Natalia Gomes’s dual-narrative story of survival, survivor’s guilt, friendship and rebuilding one’s life and identity is a potent, authentic feat of YA fiction. US-born Alice is a dedicated bookworm who believes “there’s nothing like the smell of a library”, and considers running to be a form of “voluntary torture.” In contrast, Jack lives to run - it’s freeing, exhilarating, a means of “creating your own music.” Unsurprisingly then, despite attending the same school, Alice and Jack’s paths have barely crossed, until their chance encounter on Leicester Square at the precise moment a bomb explodes. A bomb that kills 22 people, and leaves them forever changed. Their initial floods of thought and feelings are powerfully evoked in all their heart-stopping intensity, especially as Jack runs through all the imminent athletic adventures he had planned and realises, “My legs are gone. There’s nothing from my thighs. It’s all gone.” As his “thoughts are heavy and they hurt. My memories hurt. My past hurts”, Alice is gripped by anger and also feels driven to find Jack, while he dreams of her, “the girl with the yellow polka dot umbrella.” The ebbs and flows of their struggles and friendship are stirringly evoked. As Jack begins to feel hope when he’s fitted with prostheses (“I’m finally starting to feel like the old Jack. Maybe it’s time to start putting my old life back together again”), Alice struggles with PTSD, with survivor’s guilt, and with debilitating panic attacks. Then they switch roles again, with Jack slipping into depression as Alice finds solace in a therapy group. He realises he was being overly optimistic about his road to recovery - it’s a marathon, not a sprint, which hits him hard given that’s he’s already set himself on taking up his London marathon place. But Alice is there for Jack, every step of the way, and he for her, and therein lies the heart of this novel - the power of friendship to heal and keep a person going when all feels lost.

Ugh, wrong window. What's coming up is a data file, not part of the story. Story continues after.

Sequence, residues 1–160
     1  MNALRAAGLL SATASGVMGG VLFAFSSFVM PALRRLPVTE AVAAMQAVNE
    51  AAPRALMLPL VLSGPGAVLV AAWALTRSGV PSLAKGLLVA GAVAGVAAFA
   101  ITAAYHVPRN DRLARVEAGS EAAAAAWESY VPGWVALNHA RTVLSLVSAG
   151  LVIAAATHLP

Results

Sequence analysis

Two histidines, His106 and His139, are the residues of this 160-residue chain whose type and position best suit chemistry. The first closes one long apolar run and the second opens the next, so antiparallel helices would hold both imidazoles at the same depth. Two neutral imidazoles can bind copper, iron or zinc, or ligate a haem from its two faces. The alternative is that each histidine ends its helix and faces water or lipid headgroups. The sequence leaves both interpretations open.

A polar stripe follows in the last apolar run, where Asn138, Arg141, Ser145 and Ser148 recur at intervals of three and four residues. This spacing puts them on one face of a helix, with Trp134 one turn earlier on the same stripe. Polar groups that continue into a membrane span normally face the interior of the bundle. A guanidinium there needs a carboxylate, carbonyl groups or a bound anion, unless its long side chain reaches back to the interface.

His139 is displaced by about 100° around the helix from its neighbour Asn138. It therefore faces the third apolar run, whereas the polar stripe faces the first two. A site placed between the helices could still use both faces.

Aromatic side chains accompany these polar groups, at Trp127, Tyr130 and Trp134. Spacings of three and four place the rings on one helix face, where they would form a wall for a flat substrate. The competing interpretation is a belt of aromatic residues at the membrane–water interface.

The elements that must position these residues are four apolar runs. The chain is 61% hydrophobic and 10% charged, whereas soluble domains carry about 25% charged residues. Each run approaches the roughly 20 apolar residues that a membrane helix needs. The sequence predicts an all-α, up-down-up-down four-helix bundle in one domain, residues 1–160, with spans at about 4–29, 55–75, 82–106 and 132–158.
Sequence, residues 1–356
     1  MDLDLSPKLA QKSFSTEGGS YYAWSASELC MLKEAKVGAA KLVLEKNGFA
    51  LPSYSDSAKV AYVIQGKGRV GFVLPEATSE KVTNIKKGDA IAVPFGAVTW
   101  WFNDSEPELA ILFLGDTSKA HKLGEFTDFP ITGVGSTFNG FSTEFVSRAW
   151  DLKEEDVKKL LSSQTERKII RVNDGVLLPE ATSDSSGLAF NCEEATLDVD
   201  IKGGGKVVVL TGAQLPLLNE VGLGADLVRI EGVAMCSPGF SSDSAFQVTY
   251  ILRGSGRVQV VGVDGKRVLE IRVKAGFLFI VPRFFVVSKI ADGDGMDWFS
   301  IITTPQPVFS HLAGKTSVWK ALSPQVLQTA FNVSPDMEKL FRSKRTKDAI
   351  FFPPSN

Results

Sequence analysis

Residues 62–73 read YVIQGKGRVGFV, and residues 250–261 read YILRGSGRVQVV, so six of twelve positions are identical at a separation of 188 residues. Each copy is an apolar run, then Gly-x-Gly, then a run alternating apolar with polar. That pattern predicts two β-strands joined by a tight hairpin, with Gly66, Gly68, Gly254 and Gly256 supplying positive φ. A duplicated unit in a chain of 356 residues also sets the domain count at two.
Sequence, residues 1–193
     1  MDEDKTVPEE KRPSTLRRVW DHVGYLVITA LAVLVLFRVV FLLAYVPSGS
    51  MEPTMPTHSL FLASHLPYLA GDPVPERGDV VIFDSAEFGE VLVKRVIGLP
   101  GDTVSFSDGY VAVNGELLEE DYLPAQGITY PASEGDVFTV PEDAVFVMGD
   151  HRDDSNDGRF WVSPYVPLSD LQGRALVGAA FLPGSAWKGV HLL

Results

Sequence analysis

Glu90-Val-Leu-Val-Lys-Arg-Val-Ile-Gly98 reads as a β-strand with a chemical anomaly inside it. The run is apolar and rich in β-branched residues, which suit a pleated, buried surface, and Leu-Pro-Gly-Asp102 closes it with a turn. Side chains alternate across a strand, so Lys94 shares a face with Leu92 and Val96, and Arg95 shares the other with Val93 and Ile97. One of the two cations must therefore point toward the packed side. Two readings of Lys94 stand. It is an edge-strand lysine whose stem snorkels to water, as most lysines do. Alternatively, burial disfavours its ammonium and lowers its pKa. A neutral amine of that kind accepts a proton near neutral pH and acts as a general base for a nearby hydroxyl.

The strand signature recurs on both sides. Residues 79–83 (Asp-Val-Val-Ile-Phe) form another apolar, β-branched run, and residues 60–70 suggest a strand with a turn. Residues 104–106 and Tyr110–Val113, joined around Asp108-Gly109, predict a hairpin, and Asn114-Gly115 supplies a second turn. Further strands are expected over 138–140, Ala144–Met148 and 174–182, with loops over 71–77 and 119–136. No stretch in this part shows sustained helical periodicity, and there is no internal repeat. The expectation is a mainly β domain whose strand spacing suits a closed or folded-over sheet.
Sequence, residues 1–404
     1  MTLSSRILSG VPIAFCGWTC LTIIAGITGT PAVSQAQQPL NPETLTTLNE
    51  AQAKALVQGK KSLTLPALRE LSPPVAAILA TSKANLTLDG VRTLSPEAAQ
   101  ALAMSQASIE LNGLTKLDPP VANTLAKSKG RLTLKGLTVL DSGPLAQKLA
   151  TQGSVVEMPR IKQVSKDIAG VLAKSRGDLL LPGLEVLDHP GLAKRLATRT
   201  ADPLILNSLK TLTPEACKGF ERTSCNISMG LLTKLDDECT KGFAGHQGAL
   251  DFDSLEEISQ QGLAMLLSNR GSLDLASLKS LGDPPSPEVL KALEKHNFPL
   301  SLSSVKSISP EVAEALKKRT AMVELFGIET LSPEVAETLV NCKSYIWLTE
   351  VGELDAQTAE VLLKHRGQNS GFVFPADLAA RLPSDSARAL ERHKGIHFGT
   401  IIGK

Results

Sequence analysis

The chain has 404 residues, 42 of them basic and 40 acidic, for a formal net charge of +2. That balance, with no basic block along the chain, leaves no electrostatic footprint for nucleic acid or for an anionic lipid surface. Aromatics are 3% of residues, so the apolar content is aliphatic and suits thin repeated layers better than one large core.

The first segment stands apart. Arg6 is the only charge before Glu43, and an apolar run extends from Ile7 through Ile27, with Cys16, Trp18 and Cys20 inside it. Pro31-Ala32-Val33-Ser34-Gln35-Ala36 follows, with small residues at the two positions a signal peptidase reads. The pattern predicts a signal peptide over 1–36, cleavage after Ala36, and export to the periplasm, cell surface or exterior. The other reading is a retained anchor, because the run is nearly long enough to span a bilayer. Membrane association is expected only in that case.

The Crossing